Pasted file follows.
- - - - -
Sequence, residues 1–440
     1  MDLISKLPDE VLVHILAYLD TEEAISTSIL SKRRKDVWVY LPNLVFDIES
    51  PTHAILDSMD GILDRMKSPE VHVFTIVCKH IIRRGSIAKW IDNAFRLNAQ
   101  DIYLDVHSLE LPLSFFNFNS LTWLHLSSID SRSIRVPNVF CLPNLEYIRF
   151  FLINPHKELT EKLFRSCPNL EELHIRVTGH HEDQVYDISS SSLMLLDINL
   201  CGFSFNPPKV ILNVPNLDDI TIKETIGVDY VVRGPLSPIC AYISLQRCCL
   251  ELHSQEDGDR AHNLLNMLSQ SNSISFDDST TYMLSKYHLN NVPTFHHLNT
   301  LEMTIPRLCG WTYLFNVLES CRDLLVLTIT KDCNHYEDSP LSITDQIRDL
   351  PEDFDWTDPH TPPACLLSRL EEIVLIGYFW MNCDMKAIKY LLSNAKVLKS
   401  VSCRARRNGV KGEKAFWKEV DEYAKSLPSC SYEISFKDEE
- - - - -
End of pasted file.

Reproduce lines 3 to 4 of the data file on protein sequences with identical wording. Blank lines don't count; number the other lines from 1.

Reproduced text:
    51  PTHAILDSMD GILDRMKSPE VHVFTIVCKH IIRRGSIAKW IDNAFRLNAQ
   101  DIYLDVHSLE LPLSFFNFNS LTWLHLSSID SRSIRVPNVF CLPNLEYIRF